Researchers accidentally discover that copper complexes inhibit the action of botulinum toxin. Could this “mistake” lead to novel therapeutic options for botulism poisoning?
Schematic diagram of the mechanism of copper as an antidote against botulinum toxin.
Credit: Paul Bremer, The Scripps Research Institute.
In May 2017, nine people in California were hospitalized with common symptoms of drooping eyelids, slurred speech, and blurry vision, just a few days after they ate at a local gas station. Investigation revealed that the food was contaminated with a potentially fatal toxin, botulinum, produced by the bacterium, Clostridium botulinum. “It is one of the most toxic substances on the earth. It is deadly,” said Kim Janda, professor at The Scripps Research Institute, who led a recent study revealing that copper complexes might offer novel antidotes against botulinum toxin. The findings were published in the Journal of the American Chemical Society.
- botulinum enters the body through food, aerosols, or open wounds. Soon after infection, the botulinum toxin spreads via the circulatory system. It binds to nerve terminals and enters muscle cells via vesicles, where it cleaves SNAP-25, a protein essential for communication between neurons and muscles. This results in paralysis in different body parts. In severe cases, the toxin obstructs breathing by paralyzing the respiratory muscles, resulting in death.
“In general, nothing has worked [as an antidote] particularly well, partly because of the requirement for getting a really good inhibitor that interacts with the active site of this toxin. Those molecules tend not to easily get into biological membranes,” explained Michael Adler, a senior researcher at the U.S. Army Medical Research Institute of Chemical Defense, who was not involved in this study.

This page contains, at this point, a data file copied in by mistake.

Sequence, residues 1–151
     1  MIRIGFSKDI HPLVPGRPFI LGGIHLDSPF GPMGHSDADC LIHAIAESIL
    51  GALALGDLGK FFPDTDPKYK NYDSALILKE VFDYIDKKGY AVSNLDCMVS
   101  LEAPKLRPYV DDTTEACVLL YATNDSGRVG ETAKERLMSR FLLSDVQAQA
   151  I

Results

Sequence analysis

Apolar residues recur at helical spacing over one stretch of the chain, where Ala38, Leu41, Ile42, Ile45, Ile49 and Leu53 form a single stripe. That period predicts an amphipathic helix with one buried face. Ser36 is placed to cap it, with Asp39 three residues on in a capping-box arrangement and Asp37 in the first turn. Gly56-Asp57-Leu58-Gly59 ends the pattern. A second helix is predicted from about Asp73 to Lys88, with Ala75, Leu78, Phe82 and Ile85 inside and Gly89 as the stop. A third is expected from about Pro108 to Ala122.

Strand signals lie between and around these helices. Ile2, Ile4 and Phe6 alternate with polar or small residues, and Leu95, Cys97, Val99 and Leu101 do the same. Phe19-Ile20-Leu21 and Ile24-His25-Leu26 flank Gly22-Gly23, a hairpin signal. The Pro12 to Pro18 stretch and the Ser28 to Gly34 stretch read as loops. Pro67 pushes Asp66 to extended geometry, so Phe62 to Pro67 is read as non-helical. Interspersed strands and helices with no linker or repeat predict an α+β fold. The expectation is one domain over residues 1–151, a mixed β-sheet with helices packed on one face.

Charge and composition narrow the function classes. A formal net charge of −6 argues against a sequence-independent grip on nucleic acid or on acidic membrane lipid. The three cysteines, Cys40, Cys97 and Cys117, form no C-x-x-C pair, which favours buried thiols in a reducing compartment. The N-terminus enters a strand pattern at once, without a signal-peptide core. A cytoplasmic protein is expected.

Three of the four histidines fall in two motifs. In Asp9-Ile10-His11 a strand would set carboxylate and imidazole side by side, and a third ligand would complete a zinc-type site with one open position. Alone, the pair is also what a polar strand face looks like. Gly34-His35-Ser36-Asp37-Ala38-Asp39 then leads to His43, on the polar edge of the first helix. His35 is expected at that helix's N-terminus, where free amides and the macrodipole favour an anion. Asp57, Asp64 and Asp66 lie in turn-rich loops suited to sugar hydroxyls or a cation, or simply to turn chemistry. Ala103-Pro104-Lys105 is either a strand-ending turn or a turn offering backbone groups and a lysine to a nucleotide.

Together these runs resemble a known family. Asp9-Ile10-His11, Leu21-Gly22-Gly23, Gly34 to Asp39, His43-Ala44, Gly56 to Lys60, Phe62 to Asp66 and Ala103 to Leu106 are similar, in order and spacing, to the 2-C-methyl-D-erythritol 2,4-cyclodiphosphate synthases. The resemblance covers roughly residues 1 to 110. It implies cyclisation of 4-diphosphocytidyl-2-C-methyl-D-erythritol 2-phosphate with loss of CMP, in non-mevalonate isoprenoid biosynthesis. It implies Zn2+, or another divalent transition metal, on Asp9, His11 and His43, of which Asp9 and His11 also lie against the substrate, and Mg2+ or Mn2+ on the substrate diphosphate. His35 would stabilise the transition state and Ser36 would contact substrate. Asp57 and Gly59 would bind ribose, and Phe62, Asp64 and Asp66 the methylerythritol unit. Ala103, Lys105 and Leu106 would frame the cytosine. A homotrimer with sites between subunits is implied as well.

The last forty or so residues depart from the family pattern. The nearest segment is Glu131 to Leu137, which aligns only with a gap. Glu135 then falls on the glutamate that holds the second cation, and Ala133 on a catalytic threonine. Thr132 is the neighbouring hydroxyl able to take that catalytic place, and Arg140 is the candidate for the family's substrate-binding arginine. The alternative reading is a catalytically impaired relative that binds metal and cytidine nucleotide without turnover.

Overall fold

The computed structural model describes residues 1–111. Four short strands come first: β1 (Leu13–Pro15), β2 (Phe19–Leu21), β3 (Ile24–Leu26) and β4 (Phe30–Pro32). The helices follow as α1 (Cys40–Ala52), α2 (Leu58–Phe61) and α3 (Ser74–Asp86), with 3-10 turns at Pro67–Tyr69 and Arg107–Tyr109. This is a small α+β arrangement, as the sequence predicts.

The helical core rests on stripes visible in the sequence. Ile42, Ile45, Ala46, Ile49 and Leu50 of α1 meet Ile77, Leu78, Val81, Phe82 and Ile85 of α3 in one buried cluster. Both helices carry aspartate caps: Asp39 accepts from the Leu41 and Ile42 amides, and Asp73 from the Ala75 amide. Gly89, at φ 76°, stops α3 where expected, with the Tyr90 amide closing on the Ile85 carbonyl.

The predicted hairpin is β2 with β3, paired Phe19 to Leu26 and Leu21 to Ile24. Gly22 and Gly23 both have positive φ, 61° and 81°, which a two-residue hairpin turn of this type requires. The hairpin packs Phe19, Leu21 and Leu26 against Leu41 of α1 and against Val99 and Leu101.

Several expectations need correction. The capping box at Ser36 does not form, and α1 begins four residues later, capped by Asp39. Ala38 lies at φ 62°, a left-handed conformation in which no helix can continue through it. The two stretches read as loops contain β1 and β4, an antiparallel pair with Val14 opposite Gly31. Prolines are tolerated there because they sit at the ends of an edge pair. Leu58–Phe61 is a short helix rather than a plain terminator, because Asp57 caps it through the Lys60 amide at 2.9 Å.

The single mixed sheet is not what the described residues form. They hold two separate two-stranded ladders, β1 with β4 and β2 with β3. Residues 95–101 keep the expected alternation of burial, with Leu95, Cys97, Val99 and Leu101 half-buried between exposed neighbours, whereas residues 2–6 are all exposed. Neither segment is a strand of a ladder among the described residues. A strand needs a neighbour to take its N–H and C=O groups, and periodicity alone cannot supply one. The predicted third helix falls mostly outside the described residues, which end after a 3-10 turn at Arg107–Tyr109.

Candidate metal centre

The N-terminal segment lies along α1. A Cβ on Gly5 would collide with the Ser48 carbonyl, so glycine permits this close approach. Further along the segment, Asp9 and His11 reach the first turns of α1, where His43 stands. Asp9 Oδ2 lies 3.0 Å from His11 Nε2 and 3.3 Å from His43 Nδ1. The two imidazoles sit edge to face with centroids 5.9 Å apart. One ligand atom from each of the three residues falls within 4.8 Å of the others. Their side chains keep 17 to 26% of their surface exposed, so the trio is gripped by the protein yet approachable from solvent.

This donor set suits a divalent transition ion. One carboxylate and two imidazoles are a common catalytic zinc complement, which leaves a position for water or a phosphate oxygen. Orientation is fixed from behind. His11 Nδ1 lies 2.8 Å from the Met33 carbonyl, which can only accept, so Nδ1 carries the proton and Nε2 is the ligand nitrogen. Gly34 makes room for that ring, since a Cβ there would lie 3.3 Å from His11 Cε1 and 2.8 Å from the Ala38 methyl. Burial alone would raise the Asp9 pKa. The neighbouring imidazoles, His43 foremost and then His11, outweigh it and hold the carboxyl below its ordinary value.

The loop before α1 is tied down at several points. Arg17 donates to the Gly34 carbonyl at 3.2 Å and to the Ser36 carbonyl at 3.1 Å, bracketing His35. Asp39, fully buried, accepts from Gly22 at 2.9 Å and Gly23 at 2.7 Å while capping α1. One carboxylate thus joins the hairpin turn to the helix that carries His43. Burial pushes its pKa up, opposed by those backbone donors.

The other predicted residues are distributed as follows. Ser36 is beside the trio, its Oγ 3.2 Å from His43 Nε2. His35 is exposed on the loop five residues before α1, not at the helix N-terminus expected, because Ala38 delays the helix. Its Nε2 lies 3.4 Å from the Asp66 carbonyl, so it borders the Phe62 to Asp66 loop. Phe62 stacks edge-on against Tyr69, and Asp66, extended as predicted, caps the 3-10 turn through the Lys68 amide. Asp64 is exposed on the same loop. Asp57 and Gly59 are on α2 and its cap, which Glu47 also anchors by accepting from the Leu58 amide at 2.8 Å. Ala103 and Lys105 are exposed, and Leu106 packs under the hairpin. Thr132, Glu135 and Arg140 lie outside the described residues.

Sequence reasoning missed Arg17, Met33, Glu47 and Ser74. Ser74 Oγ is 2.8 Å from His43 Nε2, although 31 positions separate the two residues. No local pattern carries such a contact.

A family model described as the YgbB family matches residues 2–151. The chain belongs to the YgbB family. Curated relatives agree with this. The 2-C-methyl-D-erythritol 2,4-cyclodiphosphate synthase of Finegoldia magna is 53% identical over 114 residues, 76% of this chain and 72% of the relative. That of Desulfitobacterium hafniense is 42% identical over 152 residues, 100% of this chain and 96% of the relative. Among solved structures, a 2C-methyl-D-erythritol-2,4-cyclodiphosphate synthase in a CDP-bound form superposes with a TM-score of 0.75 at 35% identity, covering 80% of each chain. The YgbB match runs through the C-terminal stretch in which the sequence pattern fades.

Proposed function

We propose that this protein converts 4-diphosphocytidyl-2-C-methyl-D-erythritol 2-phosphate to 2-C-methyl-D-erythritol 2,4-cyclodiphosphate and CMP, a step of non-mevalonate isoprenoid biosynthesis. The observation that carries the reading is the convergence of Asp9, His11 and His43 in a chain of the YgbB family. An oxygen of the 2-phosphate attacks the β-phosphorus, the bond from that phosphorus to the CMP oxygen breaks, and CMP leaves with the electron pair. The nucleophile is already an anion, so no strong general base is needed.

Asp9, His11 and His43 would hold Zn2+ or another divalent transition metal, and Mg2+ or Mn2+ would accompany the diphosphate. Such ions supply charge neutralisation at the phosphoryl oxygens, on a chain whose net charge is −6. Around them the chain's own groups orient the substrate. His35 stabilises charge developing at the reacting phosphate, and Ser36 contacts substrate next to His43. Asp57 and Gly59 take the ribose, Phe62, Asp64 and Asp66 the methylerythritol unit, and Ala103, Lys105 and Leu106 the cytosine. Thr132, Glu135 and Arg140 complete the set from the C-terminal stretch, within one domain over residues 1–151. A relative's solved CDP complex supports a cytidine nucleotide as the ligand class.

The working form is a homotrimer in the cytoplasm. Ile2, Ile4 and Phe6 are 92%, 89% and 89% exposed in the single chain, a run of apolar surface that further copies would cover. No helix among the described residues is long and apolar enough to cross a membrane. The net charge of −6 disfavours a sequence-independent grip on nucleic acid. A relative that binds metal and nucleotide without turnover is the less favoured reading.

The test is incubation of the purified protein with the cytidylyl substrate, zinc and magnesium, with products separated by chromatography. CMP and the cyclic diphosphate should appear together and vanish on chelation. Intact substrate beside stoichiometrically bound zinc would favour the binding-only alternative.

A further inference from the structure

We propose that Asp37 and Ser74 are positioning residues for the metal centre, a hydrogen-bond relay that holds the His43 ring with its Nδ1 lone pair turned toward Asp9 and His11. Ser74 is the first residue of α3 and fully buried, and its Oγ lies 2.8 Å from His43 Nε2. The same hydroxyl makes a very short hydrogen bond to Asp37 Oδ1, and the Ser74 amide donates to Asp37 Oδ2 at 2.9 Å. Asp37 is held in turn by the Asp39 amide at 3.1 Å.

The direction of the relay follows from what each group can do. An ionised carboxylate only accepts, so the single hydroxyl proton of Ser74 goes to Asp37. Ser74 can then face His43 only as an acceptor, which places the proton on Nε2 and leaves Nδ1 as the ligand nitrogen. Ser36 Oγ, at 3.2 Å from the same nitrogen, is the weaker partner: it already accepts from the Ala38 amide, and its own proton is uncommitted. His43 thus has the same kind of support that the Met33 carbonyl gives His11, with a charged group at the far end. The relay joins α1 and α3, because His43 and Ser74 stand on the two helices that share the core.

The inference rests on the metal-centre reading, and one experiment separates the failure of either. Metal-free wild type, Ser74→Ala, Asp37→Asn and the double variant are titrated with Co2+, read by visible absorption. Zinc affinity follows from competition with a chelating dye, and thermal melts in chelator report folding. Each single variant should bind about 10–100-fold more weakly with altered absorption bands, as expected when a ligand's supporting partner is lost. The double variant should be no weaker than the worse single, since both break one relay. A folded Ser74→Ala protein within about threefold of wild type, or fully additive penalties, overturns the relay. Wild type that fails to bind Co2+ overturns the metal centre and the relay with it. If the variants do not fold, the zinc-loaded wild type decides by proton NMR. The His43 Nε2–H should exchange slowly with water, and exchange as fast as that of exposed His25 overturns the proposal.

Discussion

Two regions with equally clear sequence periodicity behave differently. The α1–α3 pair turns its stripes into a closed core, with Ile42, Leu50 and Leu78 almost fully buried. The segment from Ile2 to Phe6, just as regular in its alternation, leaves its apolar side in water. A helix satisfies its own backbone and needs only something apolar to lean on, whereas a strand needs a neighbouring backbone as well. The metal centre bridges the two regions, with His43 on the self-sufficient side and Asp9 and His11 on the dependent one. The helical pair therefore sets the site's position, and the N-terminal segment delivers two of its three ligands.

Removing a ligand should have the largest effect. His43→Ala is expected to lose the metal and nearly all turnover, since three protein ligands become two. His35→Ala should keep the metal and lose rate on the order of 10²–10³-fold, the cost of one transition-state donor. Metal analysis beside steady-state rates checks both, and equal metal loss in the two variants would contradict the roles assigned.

Janda and his team were keen on finding antidotes against the toxin. While investigating small molecules, they stumbled upon something interesting: an accidental heavy-metal contamination in their experiments inhibited the action of the toxin. This finding prodded Janda to investigate heavy metals as potential antidotes.
The team screened many different metals to look for their effects on toxin activity using a SNAP-protein-like fluorescent substrate, which fluoresces when cleaved. They noted that the fluorescence—and thus the enzyme activity of the toxin—was lowest in the presence of copper and mercury. Using crystal structure studies of the enzyme-metal complexes, the researchers determined that the metals bound to cysteine near the active site, inhibiting SNAP-25 binding.
Mercury is highly toxic to cells, so Janda’s team focused on the action of copper. They noted that organic copper complexes inhibited the cleavage of SNAP in cultured cells. Then they introduced these copper complexes into infected mice, which increased their lifespan significantly. Janda believes that these complexes release copper inside the cells, which then binds near the active site of the enzyme.
Regarding clinical trials, Adler cautioned, “If you want to take it further, you probably want to optimize its efficacy in mouse models.” Additionally, he suggested evaluating the potential toxicity of the copper complexes by testing them in other animal models. “There can be some toxic effects when using heavy metals, but for something like this where there is no antidote, it is probably not unreasonable, [to consider using them],” said Janda.